The McKinions, dad Johnny and son Buck, were being treated to a very vocal show by a tom turkey early on Saturday morning (April 5), so much so that the thundering gobbles made it hard to hear anything else in that part of Rankin County.

“We heard that bird gobble right after the songbirds started singing around 6 a.m.,” said Johnny McKinion of Brandon. “He was in a creek bottom in front of us so we started his way. He was gobbling like crazy. We got to within 70 yards of him and got set up.”

There was absolutely no fear that getting that close had bumped the bird.

“No, because for the next 45 minutes on the roost, he gobbled his head off,” McKinion said. “He was double- and triple-gobbling and at one point I swear he gobbled five times without a breath.”

As good as that sounded, the McKinions knew they were in trouble with the boss gobbler.

“The only problem with that bird was that he would not gobble at us,” McKinion said. “He was loud and wanted everything within 20 miles to hear him but he didn’t like the song I was singing. At 7:15 he pitched out of the tree away from us and never made another sound.”

As far as the elder McKinion was concerned, the morning was over. The younger hunter had other ideas.

“I told Dad, ‘let’s go hunt one of those other birds I heard gobble,’” Buck McKinion said.

Johnny McKinion was stunned. He’d heard no other birds, just the one that kept shaking the trees but showed no interest.

“I wish I had 12-year-old ears,” he said. “I had never heard another gobble.”

His son had heard more than one, and then some.

“I heard one gobble to our left, but I heard some hens over that way,” Buck McKinion said. “I heard one gobble back toward the truck, but didn’t hear any hens back that way.”

The choice was obvious and they made a move back toward the truck hoping to find the lone gobbler ready to play the game.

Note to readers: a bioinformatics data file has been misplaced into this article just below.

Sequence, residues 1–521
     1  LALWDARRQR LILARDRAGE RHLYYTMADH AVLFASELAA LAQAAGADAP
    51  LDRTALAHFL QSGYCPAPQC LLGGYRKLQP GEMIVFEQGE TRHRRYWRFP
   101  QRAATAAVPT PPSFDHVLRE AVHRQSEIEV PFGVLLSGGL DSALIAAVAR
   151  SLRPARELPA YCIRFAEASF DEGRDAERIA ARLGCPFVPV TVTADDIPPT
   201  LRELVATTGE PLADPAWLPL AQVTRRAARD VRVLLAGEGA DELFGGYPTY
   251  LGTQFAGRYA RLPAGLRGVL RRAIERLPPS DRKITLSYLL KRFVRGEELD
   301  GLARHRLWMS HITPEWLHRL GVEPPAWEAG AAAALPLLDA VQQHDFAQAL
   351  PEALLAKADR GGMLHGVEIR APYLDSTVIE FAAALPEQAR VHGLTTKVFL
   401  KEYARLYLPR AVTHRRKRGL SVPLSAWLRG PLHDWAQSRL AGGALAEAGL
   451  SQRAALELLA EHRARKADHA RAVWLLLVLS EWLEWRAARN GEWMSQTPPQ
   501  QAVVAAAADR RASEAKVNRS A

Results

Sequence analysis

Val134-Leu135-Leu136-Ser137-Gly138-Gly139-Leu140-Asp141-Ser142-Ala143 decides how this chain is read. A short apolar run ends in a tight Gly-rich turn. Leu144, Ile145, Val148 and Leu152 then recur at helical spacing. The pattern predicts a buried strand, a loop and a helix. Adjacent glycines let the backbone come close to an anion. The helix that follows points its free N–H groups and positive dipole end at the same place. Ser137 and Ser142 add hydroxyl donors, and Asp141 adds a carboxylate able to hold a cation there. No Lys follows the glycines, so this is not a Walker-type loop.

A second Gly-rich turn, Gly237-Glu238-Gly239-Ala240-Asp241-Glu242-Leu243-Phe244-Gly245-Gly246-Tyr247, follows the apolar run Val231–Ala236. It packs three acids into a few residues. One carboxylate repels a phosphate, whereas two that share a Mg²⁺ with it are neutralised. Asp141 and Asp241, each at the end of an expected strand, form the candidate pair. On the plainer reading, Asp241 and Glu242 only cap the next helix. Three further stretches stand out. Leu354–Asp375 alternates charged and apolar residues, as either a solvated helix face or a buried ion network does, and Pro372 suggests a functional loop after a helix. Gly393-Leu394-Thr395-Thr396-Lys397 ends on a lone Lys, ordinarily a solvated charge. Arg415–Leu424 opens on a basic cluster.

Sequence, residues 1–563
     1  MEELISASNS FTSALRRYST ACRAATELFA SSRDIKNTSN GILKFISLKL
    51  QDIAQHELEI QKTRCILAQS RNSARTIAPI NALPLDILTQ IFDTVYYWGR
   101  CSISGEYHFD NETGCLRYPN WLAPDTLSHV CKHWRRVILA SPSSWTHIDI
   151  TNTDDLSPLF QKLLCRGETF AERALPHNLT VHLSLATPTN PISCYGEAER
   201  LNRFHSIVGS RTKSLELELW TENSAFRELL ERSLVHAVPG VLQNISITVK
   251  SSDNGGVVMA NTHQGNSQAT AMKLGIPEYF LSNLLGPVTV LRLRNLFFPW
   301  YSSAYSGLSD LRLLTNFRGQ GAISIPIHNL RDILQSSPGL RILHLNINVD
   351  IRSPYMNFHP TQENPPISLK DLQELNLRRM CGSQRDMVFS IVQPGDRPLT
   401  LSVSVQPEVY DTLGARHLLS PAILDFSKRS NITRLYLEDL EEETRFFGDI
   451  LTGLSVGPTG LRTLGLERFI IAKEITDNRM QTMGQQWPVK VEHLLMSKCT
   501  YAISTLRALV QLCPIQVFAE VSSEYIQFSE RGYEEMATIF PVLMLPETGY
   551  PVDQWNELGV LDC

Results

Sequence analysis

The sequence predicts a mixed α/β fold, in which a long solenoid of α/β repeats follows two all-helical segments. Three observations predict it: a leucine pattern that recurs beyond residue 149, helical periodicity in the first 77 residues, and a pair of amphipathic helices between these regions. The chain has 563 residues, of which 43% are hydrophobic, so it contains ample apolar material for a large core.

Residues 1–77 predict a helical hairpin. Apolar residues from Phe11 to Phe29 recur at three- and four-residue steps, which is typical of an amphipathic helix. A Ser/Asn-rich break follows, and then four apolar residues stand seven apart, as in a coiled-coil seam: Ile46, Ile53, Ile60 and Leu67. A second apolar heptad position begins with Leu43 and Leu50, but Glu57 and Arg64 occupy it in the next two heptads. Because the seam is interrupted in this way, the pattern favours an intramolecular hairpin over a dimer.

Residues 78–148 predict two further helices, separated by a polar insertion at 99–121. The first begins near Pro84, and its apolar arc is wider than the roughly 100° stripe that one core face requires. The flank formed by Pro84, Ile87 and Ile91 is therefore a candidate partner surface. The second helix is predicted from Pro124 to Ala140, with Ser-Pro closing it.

“We eased back through the woods to about where Buck thought he was and I clucked one time, and he hammered,” Johnny McKinion said. “He was about 70 yards away. Buck hit the ground and belly crawled to a pine tree and I went back about 40 yards and sat down.

“I let everything settle down and I clucked again. He gobbled and it was obvious that he had closed the distance on us and I knew he was ready to play the game. I yelped softly and he nearly blew my head off with a gobble. He was directly in front of me but to the right of Buck and he had no chance to turn on the bird.”

In a bind, Johnny McKinion had to make a decision, and he chose to shut up and let the bird make a move.

“I waited until the bird walked off and then I started cutting at him real hard in hopes that he would come back in front of Buck,” he said. “That didn’t happen. The bird decided to circle to our right looking for the hen he could not see. 

“When I could not see the bird any longer I motioned for Buck to belly crawl to me and we reset to where I thought the bird may come. I didn’t call we just sat and waited.”

Mother Nature forced the issue.

“This lone crow came flying over and when he called, the turkey gobbled and he was directly behind us,” Johnny McKinion said. “He had walked 180 degrees from where he had started. I cut hard on him and he double-gobbled. I waited and purred and saw his red, white and blue engorged head coming through the woods.

“Buck had not yet spotted him because the bird was again to his right. I whispered ‘right, right, right’ and I knew when Buck spotted him because I could see him breathing harder.”

Already a wise hunter, the youngster knew he couldn’t move, and with a soft purr from his dad’s call he got the perfect chance.

“The gobbler broke into strut and when he turned and put his fan between me and its head, I adjusted,” Buck McKinion said. “Dad clucked and the bird broke his strut and stuck his head straight up.”

BOOM!

A load of No. 6 Hevi-Shot put the bird down at a distance of 38 yards. Dad said the gobbler never even flopped.

Adding a perfect finish to the story, as the two were sitting with the bird discussing the hunt, the son was telling the father about how cool it was that the gobbler had strutted so much so close.

“He said, ‘Dad, did you hear him blowing?’” Johnny McKinion said. “The boy’s got some ears, I’m telling you. 

“I told him that was the gobbler spitting and drumming and it was the first time he had ever heard that. It is a memory he will have forever.”